City of Piqua discusses allowing backyard chickens


By Haylee Pence

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PIQUA – The Piqua City Commission considered an ordinance to amend the city code to allow backyard chickens during their general meeting on Tuesday, March 21.

The amendment contains standards and regulations on chickens and their living conditions, which include the following:

• A maximum of six chickens.Prohibition of roosters; no slaughtering of chickens on the property: a coop must be provided and be elevated and covered: a chicken run must be attached to the coop: the chickens must remain in the enclosure: enclosures must be cleaned once every seven days: sick or injured chickens are required to be isolated or treated: chicken feed must be protected from rodents and pests: chicken waste must be disposed of properly by bagging the waste and utilizing trash collection services at least once a week.

• The enclosure standards include the following:

— Enclosures have to be a minimum of 10 feet from any property and a minimum of 30-feet-of-space between the coop and a neighboring property;

— The coop must be elevated by at least 18-inches off the ground;

— The coop and run must be under 8-feet-high;

— A hardwired mesh or similar siding must be used and secured for the coop and run which includes the material being at least 2-feet-underground to prevent predators from entering the coop;

— The enclosures must be at least fifty feet away from a drinking well;

— Coops must include an egg-laying station with an easily accessible lid.

Prior to building any coop or run, residents are required to file a permit with the development director. Once built, the development department staff can inspect the enclosure as often as once per year. Inspections can also occur as needed based on written complaints by neighbors. If necessary, the removal of chickens and enclosures can occur if the standards are not brought back into compliance.

According to the resolution, “Residents should be aware that homeowners associations and neighbors within a subdivision can enforce any deed restriction that prevents keeping of chickens, though the city does not enforce these provisions.”

The city commission requested that a list of subdivisions and areas preventing chickens be provided to the residents of the city.

Then, the floor was opened up to allow citizens to discuss the ordinance.

Paige Stemen, of Madison Avenue, discussed the possibility of making an amendment to the ordinance to allow the chickens to have some “free-range time” in the resident’s backyard. She also discussed the possibility of providing local farmers with the compost material of the coop’s bedding and chicken waste.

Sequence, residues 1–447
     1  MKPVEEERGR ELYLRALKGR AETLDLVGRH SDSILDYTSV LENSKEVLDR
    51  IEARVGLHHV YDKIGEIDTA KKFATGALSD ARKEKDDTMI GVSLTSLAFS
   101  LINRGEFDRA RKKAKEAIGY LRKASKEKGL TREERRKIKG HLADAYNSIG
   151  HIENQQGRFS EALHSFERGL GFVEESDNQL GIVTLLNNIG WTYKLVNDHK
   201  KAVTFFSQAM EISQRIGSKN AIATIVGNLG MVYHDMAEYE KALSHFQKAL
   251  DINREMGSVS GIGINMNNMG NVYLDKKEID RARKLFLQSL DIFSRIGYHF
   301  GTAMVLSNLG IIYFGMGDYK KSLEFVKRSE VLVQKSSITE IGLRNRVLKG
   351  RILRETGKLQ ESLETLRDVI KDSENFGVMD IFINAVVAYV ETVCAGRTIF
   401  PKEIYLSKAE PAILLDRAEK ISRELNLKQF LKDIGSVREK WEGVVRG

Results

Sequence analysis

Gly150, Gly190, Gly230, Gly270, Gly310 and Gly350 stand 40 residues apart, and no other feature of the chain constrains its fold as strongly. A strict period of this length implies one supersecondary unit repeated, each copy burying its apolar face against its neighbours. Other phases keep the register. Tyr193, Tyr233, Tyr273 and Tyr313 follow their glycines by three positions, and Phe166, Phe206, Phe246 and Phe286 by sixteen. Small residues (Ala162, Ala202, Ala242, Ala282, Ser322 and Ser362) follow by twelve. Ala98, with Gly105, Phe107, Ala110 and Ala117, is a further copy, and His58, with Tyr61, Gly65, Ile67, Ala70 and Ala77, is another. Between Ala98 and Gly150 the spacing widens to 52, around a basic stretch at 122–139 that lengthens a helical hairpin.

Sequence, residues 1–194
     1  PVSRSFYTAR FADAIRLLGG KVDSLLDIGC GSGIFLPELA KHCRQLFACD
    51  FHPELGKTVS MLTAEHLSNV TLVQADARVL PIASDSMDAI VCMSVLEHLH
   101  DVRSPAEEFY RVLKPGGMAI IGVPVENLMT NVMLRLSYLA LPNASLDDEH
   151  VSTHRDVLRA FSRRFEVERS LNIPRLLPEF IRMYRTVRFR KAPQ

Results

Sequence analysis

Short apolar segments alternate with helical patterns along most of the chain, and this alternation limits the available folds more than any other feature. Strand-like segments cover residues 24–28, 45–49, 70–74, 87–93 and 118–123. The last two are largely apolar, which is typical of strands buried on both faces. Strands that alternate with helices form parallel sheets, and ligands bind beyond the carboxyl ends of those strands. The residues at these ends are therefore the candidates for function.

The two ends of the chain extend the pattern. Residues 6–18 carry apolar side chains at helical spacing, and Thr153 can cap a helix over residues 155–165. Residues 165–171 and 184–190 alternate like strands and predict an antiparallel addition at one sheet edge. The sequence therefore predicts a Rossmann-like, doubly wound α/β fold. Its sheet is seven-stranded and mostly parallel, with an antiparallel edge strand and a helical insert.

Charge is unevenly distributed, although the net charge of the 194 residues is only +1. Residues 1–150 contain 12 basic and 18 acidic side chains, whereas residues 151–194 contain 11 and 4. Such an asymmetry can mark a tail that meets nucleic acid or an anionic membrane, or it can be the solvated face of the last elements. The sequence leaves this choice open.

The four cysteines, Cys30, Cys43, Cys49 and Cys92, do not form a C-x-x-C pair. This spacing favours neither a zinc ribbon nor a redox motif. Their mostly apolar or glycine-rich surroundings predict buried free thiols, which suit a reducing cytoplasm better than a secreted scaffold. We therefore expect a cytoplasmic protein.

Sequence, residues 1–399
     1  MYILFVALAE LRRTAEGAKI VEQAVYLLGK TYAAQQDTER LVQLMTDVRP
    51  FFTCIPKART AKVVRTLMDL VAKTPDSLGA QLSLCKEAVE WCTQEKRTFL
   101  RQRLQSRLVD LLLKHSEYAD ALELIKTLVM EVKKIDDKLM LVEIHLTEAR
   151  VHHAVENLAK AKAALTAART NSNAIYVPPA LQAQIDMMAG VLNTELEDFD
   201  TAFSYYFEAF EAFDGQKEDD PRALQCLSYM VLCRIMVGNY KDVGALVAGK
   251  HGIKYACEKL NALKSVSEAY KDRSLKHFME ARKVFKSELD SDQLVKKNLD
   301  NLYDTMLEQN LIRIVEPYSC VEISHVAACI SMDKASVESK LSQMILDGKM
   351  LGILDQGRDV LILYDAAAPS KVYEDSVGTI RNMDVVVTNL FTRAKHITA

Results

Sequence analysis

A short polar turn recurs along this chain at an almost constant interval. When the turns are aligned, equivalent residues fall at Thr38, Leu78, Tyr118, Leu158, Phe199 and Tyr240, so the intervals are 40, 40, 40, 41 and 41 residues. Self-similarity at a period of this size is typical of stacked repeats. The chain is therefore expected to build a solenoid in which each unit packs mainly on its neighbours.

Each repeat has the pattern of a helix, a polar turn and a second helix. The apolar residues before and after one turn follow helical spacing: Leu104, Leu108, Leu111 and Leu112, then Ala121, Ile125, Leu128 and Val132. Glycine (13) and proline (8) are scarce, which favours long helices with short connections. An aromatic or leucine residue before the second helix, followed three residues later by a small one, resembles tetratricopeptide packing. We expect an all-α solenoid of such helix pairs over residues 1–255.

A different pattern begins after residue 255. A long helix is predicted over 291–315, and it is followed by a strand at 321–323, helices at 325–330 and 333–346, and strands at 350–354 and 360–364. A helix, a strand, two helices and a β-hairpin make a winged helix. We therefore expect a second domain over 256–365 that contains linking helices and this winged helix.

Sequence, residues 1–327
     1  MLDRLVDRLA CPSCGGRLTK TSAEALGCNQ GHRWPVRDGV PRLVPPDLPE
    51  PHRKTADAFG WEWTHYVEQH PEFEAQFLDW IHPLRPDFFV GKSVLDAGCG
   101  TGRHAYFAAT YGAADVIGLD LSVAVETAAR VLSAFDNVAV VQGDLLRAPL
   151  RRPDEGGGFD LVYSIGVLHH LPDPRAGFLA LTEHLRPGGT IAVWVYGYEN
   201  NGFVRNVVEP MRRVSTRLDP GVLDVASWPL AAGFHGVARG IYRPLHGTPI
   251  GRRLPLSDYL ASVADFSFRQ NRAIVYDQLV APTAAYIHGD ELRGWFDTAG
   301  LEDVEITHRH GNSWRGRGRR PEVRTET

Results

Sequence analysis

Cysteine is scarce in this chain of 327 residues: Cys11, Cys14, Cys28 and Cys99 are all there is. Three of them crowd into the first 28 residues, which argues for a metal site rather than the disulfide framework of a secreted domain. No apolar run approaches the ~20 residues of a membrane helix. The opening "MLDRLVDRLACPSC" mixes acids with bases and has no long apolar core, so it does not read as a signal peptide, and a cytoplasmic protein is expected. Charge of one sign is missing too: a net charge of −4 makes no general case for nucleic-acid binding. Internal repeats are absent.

Gary Koenig and Joe Wilson each discussed the health concerns of backyard chickens. Koenig and Wilson spoke about the possibility of Ohio Valley Fever, salmonella, and E. Coli. They continued that these diseases are transmitted through the chicken’s excrement.

Wilson said, “It threatens the health and safety of the community.”

Tom Homan, of Nicklin Avenue, addressed the commission asking “Should we cull all the geese for all the droppings they leave anywhere?” He went on to say how everything carries a risk.

Pamela Hawes, of Cleveland Street, encouraged the city commission to pass the ordinance to allow people to “grow their own food” along with “teaching children responsibilities.”

Vice Mayor Kris Lee thanked the residents who came and spoke on the issue. The next reading will be at the next meeting on Tuesday, April 4. The final reading which will be at the April 18 meeting where the commission will approve or reject the ordinance.

Also presented for a first reading was ordinance to adopt a new development code with the code Piqua project involving land usage. The new development code involves updating a fee schedule and including codes on the city’s website. The code is available for public comment on the city’s website.

Commissioner Kazy Hinds said, “I’m glad we’re finally at the place where we can move forward with this.”

Another ordinance was presented for its second reading to establish the city’s website as the official place to publish ordinances and resolutions. The third and final reading will be at the April 4 meeting.

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